Find Open Textbooks

Concept Development Studies in Chemistry

textbook cover image
Transparent chemistry glass tubes filled with substances (https://flic.kr/p/7vBoW6) by Horia Varlan (https://www.flickr.com/photos/horiavarlan/) used under a CC-BY license (https://creativecommons.org/licenses/by/2.0/)

Description: "Concept Development Studies in Chemistry" is an on-line textbook for an Introductory General Chemistry course. Each module develops a central concept in Chemistry from experimental observations and inductive reasoning. This approach complements an interactive or active learning teaching approach.

Author: John S Hutchinson, Rice University

Original source: cnx.org

Adoption (faculty): Contact us if you are using this textbook in your course

Adaptations: Support for adapting an open textbook

Open Textbook(s):

  1. DOWNLOAD ZIP file. This icon is licensed under a Creative Commons
Attribution 3.0 License. Copyright Yusuke Kamiyamane. Concept Development Studies in Chemistry HTML.zip
  2. DOWNLOAD PDF file. This icon is licensed under a Creative Commons
Attribution 3.0 License. Copyright Yusuke Kamiyamane. Concept Development Studies in Chemistry.pdf
  3. WEBSITE External website. This icon is licensed under a Creative Commons
		Attribution 3.0 License. Copyright Yusuke Kamiyamane. Read this book online
  4. DOWNLOAD EPUB file. This icon is licensed under a Creative Commons
Attribution 3.0 License. Copyright Yusuke Kamiyamane. Concept Development Studies in Chemistry.epub
  5. PRINT Buy a print copy

Creative Commons License
Concept Development Studies in Chemistry by John S Hutchinson, Rice University is licensed under a Creative Commons Attribution 4.0 International License, except where otherwise noted.


1. Reviewed by: Mike Myschyshyn
  • Institution: Simon Fraser University
  • Title/Position: Graduate student
  • Overall Rating: 2.7 out of 5
  • Date:
  • License: Creative Commons License

Q: The text covers all areas and ideas of the subject appropriately and provides an effective index and/or glossary

This text does not cover all topics equally. Some topics were covered very extensively, while others were not examined as well. The subject matter that was covered could have been articulated more effectively. For a beginner, it may have been difficult to follow the author’s logic. Every other first year chemistry textbook that I have had experience with did a better job of explaining concepts. The author’s attempt at developing chemistry concepts was not particularly successful. The index and glossary were satisfactory. Below are some more specific examples highlighting issues with respect to the comprehensiveness of this textbook.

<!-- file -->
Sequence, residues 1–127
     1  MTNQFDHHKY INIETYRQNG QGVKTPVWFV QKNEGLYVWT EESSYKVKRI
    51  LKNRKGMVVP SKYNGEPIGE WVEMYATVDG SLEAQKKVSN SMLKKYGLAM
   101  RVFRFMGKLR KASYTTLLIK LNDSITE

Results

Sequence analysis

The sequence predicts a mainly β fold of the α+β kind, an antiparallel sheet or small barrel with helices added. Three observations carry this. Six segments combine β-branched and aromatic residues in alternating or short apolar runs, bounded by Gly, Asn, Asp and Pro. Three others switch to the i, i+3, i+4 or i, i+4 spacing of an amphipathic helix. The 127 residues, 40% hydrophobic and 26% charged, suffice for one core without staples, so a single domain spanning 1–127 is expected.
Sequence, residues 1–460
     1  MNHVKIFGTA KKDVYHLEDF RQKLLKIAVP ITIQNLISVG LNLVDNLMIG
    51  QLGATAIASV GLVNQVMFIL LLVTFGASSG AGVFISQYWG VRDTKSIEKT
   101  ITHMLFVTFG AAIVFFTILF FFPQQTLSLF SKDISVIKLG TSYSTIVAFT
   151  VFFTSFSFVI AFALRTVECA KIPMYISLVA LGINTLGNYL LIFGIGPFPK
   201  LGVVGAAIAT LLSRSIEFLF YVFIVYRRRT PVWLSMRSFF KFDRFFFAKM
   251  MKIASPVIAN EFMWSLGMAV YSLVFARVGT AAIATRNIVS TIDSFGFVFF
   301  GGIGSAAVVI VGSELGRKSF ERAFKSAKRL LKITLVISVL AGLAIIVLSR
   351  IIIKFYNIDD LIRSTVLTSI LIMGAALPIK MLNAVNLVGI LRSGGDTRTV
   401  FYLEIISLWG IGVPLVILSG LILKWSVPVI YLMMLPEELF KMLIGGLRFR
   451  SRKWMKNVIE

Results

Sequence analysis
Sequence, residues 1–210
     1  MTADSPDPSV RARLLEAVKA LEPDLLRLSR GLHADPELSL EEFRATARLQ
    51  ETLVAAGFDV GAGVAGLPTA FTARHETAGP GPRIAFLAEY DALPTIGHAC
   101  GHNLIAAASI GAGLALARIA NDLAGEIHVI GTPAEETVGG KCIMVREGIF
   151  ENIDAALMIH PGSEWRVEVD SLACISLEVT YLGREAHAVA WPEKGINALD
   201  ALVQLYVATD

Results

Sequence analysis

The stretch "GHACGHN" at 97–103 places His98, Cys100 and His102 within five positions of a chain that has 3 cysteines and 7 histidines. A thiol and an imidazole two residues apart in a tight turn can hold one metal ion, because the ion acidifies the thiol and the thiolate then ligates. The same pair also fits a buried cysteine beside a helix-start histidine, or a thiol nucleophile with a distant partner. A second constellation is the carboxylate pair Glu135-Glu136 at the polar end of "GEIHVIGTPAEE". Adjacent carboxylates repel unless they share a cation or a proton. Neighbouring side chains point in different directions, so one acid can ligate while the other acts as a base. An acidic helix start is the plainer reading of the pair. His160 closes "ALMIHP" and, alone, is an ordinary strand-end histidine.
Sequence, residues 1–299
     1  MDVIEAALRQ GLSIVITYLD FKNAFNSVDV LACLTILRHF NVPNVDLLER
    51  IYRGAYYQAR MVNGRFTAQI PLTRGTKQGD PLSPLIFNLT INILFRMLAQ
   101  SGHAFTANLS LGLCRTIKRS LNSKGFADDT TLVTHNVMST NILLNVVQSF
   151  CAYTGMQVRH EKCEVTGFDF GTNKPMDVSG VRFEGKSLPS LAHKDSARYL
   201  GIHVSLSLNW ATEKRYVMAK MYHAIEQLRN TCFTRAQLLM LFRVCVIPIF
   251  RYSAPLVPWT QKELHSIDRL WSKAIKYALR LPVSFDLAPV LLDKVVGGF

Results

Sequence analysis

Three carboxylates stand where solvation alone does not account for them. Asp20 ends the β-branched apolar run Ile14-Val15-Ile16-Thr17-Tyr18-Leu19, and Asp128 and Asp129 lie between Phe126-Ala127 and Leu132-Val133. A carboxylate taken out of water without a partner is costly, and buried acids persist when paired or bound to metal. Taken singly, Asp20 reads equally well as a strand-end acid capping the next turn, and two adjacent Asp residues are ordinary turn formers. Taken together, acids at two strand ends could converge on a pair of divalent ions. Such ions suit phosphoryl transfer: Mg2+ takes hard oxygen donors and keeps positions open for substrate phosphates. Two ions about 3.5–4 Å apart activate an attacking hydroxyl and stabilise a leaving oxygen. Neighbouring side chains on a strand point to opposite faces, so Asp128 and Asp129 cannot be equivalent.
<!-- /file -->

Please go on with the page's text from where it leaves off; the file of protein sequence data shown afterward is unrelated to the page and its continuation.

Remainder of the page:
Pages 4-6:
This section was hard to follow. In trying to explain the reasoning behind mass relationships and mass ratios I think a more direct approach would have been better. In trying to reinforce the correct reasoning behind the concepts, it is not necessary to also explore the incorrect lines of thought as this could easily confuse new students. It is also hard to read paragraphs of text that include several calculations and mathematical reasoning. The calculations discussed would have more impact if they were organised better.

Page 19-25 and 39-40:
These sections discussed the structure and properties of atoms, including some periodic trends. It would have been very helpful to include a periodic table in the section, rather than continually reference different elements. New students studying the area of chemistry would have a hard time following these sections without the use of a periodic table for reference.

Page 31:
E = hv is introduced to explain the quantization of light energy. The author refers to it as Einstein’s equation, though it is better known as Planck’s equation. The value of Planck’s constant (h) should be included as well.

Page 52:
Nitric acid is used as an example to explain resonance, but are no figures in this section. Visual representation showing the dynamic nature of resonance stabilized molecules would have been helpful here.

Page 62:
The molecular geometry of H2O, NH3, and C2H4 is discussed at length, however, it would have been useful, for understanding the concepts, to include some sort of visual representation as well.

Page 112:
I recommend ending the discussion of The Ideal Gas Law by explaining that in fact real gases abide more closely to the Van der Waals equation:
(P + [(n^2)(a)/(v^2)]) (V-nb) = nRT
Where constants a and b are characteristic for individual gases and provide correction for intermolecular forces within a gas and molecular size respectively.
I think it is important to at least mention this equation and that PV = nRT is more pertinent to gases at low pressure and high temperature. Although chapter 12 mentions that The Ideal Gas Law is not always respected, the Van der Waals equation is not mentioned.

Page 118:
After explaining the Kinetic Molecular Theory of Gases it should be noted explicitly that the Ideal gas law assumes these conditions. Although this is stated later, it would be use full to state it right away to imprint it in the students mind.

Page 146:
In the description of temperatures effect on equilibrium, the author states, " If ΔH° and ΔS° do not depend strongly on the temperature, then [equation 14.9] would predict a simple straight line relationship between ln (Kp) and 1/T." Perhaps describe when ΔH° and ΔS° do not depend strongly on the temperature, so the student knows a general trend of when this equation is useful.

Comprehensiveness Rating: 2 out of 5

Q: Content is accurate, error-free and unbiased

This text was fairly accurate, with only a few minor problems with the content. The author could have stayed more true to scientific conventions, such as using S.I. units. The author also had a couple problems with labeling figures to match with the content. Overall, there were no major issues regarding the accuracy of content in this textbook. Below are some more specific examples highlighting issues with respect to the accuracy of content within this textbook.

Page 3:
The author refers to iron rust as ferrous oxide, though iron rust mainly consists of hydrated ferric oxide (Fe2O3), not ferrous oxide.

Page 31:
E = hv is introduced to explain the quantization of light energy. The author refers to it as Einstein’s equation, though it is better known as Planck’s equation.

Page 52: